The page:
“Yeah,” another said as he pointed to a great big raindrop. “Now you take Harold over there. He’s so big and fat, when it comes time for him to go; he can wash a whole car all by himself.” The others laughed, but Stephanie didn’t, and Harold didn’t either. Still, Harold did everything he could to try and fit in. It made Stephanie sad. She bent her head down, and she would have cried except she was even too small to form even a single tear.
Meanwhile, down at the ranch, Abby had gone into the barn to escape the sun’s punishing, baking rays. She hadn’t been there long before she heard a car or truck drive into the lane. She scampered up to the second level, where big bales of hay were stacked high, so she could see who it was. But that’s when she heard the barn door open followed by voices. One of them was her father.
“I’m doing the best I can,” he said. “Surely there are other ranchers just as bad off.”
“Yes there are,” another voice said. “But that doesn’t change the fact that, if we don’t get our money, we’ll have to close y’all down.”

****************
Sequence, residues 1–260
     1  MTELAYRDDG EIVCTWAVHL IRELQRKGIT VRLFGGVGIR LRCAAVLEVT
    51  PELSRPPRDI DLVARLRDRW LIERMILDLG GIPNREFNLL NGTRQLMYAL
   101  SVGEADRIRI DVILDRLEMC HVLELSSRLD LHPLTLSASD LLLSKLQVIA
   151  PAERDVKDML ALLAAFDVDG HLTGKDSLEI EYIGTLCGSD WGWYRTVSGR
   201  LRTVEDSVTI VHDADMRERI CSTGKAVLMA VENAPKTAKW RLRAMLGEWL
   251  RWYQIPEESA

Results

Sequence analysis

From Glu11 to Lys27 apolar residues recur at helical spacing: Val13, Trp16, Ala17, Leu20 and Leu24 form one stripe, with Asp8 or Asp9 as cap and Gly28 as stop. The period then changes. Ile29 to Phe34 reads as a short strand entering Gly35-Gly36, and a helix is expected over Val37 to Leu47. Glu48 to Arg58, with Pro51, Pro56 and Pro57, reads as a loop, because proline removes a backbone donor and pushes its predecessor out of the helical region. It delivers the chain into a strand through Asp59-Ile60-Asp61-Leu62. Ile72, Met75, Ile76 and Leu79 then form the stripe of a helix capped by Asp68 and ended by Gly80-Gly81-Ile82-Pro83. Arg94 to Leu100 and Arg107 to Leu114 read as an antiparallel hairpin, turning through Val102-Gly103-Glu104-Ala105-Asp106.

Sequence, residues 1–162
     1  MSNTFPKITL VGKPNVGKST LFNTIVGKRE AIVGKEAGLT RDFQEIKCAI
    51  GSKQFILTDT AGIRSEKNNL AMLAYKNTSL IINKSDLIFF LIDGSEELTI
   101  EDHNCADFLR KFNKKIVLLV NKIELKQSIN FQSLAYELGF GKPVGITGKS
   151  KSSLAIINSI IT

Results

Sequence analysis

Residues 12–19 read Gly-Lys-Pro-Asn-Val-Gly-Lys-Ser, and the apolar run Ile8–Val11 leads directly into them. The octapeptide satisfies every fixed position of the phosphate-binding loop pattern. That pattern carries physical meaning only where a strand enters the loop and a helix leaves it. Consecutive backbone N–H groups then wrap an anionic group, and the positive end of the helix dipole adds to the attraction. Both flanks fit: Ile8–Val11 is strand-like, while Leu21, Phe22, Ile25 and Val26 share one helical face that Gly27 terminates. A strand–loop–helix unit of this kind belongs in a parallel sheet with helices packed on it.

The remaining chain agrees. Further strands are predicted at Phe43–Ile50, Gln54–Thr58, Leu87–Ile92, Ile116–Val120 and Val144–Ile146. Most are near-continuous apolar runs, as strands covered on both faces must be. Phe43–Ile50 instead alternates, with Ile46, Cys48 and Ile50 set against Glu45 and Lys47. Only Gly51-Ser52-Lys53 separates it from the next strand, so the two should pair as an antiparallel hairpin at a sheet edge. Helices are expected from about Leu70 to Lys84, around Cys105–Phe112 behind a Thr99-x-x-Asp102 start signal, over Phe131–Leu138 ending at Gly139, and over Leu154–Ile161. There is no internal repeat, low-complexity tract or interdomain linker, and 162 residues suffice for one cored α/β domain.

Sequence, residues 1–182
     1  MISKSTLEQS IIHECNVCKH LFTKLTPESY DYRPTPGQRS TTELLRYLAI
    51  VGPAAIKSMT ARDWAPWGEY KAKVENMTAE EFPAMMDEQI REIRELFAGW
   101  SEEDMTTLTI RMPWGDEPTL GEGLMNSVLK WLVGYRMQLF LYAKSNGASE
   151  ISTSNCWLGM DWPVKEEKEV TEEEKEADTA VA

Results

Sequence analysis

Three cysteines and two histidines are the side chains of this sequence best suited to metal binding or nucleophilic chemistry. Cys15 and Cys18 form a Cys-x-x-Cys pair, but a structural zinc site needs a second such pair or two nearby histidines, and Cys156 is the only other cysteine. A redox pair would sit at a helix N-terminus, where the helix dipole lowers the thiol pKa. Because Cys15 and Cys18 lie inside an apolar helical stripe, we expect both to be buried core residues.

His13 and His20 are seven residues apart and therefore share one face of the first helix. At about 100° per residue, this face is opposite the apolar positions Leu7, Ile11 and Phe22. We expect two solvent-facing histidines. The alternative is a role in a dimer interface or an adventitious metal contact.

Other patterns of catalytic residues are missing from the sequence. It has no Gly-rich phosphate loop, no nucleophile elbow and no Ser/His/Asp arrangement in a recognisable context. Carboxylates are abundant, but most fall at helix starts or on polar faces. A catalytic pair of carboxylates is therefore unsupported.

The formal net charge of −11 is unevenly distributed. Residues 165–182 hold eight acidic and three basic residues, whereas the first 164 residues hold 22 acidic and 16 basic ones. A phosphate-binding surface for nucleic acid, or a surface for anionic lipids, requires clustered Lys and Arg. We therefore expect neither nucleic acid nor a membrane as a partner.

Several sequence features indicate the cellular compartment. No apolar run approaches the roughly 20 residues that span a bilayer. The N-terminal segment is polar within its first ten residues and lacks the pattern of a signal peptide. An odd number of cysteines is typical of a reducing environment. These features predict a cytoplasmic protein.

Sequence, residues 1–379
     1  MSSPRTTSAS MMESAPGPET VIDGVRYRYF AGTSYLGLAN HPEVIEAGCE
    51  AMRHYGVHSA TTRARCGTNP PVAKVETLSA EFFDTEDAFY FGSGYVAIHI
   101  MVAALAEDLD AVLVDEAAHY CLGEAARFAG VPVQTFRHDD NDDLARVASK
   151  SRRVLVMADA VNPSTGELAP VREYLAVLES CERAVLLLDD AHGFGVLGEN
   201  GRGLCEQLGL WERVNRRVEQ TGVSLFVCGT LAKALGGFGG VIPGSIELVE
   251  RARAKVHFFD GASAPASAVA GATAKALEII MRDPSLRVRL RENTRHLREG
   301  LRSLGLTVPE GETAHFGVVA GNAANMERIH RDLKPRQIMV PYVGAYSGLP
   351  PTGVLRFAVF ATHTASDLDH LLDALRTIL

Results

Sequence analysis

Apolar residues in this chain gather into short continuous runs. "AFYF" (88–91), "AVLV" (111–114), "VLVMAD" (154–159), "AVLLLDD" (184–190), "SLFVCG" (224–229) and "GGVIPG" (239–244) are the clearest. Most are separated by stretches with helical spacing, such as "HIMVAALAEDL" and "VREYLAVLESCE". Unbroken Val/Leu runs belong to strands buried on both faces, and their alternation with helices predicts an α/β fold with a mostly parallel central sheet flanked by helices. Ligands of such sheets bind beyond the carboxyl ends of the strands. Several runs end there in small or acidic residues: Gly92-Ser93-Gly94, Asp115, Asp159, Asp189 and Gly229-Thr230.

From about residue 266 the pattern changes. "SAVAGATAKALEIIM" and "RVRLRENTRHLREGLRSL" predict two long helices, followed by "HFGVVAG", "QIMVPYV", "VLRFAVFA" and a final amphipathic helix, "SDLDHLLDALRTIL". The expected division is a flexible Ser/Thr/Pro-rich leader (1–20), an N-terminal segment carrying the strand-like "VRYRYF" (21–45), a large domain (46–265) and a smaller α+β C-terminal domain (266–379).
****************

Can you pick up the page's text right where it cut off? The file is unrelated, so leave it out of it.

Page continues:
Abby peaked out to see it was Mr. Bentley from the bank. He’d been to the ranch several times before, and each time he came out, he asked for money. Mr. Bentley wore the biggest tan ten gallon hat anyone in these parts of Texas had ever seen.
“Look Mr. Bentley,” her father said, “I need more time, that’s all. It has to rain, it’s just got to. Then everything will be all right.”
Mr. Bentley spit in the dirt and looked up again. “Tell you what. If we get just one drop of rain by next Friday, you got yourself six more months. But if it doesn’t, then the bank’s taking your ranch.”
When Abby heard that, she fell backward into a pile of loose hay. She held her breath for the next few seconds, hoping no one heard her. Nobody did. She waited until the men had gone, then went outside.
Back on the cloud, Stephanie’s mother saw her sitting and pouting one afternoon. She went over to talk with her. “What’s wrong, Stephanie?”
The little raindrop looked up and sniffled. “The other raindrops keep making fun of me.”
“They say I’m too small to do anyone any good, that’s what.” She hung her little head again.
Her mother leaned up against her. “That’s nonsense. It doesn’t matter if you’re short or tall, big or small, anyone can make a difference if they try.”
Stephanie slowly looked into her mother’s eyes. “Even me?”